KITTERY, Maine — The Maine and New Hampshire departments of transportation announced on Thursday morning that they have agreed with Pittsfield-based contractor Cianbro Corp. on a tentative price to replace the Sarah Mildred Long Bridge.
The settlement on a $158.5 million construction price was described in a Maine Department of Transportation announcement as a “major milestone” in the process of replacing the bridge, and one that likely clears the way for a late 2014 start to the project.
“This bridge is critical to Maine’s economy,” said Gov. Paul LePage in a statement. “I am pleased the two states have tentatively agreed on a price, and I’m just as pleased an outstanding Maine company such as Cianbro will be employing hardworking people to construct this new bridge.”
The Sarah Mildred Long Bridge — which carries a railroad line as well as the Route 1 roadway for cars and trucks — is considered a key supply line for Portsmouth Naval Shipyard in Kittery as well as the only backup for the nearby Interstate 95 bridge, which is used to transport what the MDOT called “a high percentage of the state’s gross domestic product” into Maine.
Earlier this month, members of Maine’s congressional delegation announced that the U.S. Department of Transportation would award the two states $25 million in grant money to replace the railroad component of the bridge.
Using input gathered from public meetings in Kittery and Portsmouth, as well as the shipyard and nearby Albacore Park representatives, bridge designers from the engineering team of FIGG/Hardesty & Hanover drew up plans for a new structure with long, open spans, using 11 fewer piers than the current bridge.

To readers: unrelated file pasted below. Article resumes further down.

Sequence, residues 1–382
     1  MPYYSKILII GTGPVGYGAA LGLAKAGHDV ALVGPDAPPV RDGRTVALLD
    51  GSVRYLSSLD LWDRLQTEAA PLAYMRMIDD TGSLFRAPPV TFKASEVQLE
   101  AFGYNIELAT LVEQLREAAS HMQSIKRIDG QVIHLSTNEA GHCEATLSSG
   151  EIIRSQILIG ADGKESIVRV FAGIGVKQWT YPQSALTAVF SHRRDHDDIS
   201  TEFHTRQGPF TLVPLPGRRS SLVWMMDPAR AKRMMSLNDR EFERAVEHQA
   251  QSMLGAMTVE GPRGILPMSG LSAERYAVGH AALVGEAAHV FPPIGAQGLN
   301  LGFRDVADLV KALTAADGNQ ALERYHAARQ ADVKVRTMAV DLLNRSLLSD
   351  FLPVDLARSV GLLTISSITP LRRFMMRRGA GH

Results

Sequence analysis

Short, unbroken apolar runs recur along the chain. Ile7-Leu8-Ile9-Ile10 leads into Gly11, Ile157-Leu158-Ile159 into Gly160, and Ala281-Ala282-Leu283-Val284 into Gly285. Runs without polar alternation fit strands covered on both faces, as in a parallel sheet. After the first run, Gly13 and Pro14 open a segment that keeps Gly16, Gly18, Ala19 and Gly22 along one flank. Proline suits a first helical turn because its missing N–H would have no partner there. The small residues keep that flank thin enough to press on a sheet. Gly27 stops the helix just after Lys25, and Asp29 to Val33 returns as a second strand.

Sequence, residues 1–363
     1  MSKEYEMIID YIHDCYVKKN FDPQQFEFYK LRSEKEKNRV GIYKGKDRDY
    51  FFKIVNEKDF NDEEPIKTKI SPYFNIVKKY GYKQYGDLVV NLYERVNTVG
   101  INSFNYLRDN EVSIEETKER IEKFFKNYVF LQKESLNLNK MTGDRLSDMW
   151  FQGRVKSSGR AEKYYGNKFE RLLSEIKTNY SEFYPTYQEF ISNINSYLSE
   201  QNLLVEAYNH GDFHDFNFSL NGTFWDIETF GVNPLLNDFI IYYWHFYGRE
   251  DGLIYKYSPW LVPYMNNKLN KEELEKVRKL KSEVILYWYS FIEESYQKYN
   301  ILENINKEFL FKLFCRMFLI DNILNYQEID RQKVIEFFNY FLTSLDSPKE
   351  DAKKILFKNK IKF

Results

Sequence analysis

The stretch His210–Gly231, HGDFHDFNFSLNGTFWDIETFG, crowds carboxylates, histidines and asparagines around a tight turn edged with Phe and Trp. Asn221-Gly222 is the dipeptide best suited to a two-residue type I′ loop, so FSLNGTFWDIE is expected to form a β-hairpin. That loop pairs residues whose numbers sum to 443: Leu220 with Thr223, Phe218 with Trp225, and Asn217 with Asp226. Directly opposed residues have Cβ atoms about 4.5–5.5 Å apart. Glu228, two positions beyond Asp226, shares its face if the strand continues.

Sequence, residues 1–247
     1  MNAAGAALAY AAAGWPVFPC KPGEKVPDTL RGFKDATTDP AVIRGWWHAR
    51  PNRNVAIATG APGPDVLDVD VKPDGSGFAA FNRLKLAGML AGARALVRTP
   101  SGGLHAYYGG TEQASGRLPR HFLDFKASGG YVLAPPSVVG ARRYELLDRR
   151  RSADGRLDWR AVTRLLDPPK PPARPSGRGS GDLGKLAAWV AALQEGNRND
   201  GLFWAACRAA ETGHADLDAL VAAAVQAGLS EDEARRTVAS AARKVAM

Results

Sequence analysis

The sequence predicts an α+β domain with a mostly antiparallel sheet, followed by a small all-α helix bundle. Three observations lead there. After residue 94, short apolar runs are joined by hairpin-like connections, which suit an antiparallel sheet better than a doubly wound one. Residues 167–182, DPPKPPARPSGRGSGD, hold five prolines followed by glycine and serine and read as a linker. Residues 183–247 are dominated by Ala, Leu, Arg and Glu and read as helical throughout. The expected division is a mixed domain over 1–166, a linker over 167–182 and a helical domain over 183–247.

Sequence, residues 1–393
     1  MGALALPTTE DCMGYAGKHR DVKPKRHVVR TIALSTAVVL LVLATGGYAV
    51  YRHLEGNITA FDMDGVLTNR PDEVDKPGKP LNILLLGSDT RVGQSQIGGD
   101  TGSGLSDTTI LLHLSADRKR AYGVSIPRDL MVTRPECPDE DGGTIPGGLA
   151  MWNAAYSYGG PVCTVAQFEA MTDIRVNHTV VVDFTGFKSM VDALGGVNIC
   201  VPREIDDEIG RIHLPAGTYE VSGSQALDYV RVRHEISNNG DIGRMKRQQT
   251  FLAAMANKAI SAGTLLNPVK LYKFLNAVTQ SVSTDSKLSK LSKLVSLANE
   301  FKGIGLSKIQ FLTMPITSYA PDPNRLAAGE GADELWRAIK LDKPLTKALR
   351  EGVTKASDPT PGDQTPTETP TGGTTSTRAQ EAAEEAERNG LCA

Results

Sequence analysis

The MDOT noted in its Thursday announcement that the new bridge will also be higher than the existing bridge, allowing more marine traffic to pass underneath without raising the bridge, so there will be fewer disruptions to rail and motor vehicle traffic. The new bridge will also include wider shoulders for bicyclists, in addition to what the department called “a state-of-the-art vessel collision system to reduce damage if ships strike the piers” and “a mechanical system driving the towers that reduces long-term maintenance needs.”
The nearly 75-year-old Sarah Mildred Long Bridge stretches more than 2,800 feet across the Piscataqua River. About 16,000 vehicles pass over the bridge every day.
In April 2013, a 473-foot Portuguese oil tanker, the Harbour Feature, got loose from its moorings nearby and crashed into the bridge, causing significant damage.
The states of Maine and New Hampshire, which co-own the bridge, subsequently sued the ship owners and settled the lawsuit for $1.5 million.